Stopping (and starting)

I went on a writing retreat at the end of April – three days alone in a cottage in Devon. No children, no students, no phone signal. What I did have was a novel I wanted to edit.

Or rather, I’d edited it already, over and over, but I wasn’t finished yet.

One more read-through. Then I’d be done.

The cottage was gorgeous, tiny and tucked away and I set to work immediately. I cut down several paragraphs. I found a typo. I changed someone’s name, then changed it back again. Some excellent advice echoed in my head: don’t stop until it’s ready. Don’t stop until you’re sure. I wasn’t sure.

On my third day I went for a walk to think about my novel. I made for the cliffs, climbing as high as I could. The sun shone. The wind blew.  It felt good.

I ignored this.

I marvelled at this.

And discussed all possible permutations with these (pics of lambs are obligatory in Devon in April).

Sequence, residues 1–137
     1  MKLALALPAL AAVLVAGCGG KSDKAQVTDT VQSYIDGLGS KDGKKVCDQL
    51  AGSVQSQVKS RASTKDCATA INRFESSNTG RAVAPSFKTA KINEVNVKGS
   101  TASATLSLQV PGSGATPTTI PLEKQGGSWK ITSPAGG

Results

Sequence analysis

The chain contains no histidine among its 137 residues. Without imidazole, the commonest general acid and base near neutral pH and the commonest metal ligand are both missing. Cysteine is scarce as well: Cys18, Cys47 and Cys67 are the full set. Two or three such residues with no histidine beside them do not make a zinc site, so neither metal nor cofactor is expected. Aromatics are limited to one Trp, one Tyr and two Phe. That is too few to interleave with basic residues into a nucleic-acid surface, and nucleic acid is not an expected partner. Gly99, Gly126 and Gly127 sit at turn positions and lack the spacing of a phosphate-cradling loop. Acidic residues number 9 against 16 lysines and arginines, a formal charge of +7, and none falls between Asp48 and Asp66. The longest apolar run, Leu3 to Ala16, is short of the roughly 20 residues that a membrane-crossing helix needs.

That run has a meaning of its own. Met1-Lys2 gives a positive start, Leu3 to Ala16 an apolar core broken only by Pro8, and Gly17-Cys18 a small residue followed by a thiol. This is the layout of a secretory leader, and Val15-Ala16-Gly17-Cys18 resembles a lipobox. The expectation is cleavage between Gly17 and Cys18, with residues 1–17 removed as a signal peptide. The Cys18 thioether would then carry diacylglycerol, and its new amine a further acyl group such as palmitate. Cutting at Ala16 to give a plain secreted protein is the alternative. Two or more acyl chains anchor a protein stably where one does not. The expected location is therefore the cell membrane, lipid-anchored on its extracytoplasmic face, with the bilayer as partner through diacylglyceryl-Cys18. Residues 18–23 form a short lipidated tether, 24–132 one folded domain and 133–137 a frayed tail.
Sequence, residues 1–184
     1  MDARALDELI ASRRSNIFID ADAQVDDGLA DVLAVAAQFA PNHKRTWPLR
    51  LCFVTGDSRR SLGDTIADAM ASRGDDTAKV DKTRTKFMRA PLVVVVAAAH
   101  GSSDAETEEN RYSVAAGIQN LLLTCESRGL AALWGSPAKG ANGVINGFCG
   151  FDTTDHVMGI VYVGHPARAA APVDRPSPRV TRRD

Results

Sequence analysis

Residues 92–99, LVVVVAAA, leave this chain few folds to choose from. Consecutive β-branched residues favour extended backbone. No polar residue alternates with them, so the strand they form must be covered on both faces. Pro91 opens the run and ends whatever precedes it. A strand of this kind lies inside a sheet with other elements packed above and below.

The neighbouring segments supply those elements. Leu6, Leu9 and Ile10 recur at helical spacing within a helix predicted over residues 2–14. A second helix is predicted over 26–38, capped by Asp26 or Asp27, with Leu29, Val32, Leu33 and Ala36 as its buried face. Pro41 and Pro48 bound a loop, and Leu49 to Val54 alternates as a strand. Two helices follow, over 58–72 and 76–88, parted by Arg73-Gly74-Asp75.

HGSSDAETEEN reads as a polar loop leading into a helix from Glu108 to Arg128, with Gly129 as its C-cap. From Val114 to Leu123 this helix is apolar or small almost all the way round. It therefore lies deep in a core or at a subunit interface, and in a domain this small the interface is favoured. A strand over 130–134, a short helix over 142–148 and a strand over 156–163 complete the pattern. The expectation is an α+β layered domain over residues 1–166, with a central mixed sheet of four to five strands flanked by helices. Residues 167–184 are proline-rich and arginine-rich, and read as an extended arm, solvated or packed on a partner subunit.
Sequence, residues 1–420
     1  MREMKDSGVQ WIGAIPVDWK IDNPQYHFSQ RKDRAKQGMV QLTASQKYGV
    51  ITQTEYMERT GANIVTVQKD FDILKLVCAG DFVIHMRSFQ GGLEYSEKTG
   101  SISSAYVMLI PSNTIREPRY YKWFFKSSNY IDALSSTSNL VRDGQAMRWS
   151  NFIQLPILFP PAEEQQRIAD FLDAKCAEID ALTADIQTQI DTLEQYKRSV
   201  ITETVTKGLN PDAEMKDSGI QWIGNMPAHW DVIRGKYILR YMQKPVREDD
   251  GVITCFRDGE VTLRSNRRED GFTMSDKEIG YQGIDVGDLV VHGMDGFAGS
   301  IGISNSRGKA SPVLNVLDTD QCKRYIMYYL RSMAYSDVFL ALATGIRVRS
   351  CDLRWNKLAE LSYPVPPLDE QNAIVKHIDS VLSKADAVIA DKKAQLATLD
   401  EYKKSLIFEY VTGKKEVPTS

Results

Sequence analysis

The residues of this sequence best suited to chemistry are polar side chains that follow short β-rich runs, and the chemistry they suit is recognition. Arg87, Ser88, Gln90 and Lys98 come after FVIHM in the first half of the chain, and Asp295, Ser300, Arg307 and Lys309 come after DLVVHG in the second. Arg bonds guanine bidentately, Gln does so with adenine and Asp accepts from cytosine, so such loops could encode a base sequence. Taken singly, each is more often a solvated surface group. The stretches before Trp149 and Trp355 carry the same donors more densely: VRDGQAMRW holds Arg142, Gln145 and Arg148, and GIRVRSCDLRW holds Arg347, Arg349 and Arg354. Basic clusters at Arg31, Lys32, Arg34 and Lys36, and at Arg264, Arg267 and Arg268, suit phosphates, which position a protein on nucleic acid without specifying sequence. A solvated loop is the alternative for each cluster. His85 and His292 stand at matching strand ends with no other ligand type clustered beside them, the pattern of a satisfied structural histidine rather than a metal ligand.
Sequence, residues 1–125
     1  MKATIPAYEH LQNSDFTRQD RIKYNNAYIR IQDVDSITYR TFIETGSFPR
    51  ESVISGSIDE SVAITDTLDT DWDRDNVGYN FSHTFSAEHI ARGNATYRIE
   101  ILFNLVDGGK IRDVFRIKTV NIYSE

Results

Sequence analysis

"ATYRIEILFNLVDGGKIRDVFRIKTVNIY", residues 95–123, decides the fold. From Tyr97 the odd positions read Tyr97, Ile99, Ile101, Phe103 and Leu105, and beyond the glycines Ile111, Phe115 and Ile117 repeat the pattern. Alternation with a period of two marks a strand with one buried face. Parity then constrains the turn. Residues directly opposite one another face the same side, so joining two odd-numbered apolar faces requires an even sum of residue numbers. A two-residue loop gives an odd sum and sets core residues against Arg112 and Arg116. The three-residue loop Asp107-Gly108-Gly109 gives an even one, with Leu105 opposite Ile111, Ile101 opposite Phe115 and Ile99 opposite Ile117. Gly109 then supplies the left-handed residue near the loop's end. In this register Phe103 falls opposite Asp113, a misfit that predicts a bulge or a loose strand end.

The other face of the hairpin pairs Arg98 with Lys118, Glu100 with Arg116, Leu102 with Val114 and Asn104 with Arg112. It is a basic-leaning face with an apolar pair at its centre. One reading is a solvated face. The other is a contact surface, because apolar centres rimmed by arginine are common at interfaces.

By the time I’d walked down here

I’d stopped thinking about my novel and started thinking about something less familiar. A new character sitting down at my kitchen table, making himself at home. Where do they come from, these people? They walk in, unannounced…

So I put on my swimming costume and went for a swim. It was freezing (it was April), exhilarating and a little bit terrifying on an empty stretch of beach beneath the cliffs.

As I walked back to the cottage I knew I was done with my novel. It was time to begin something new.

It felt like this.

It also felt like this.

Who knew?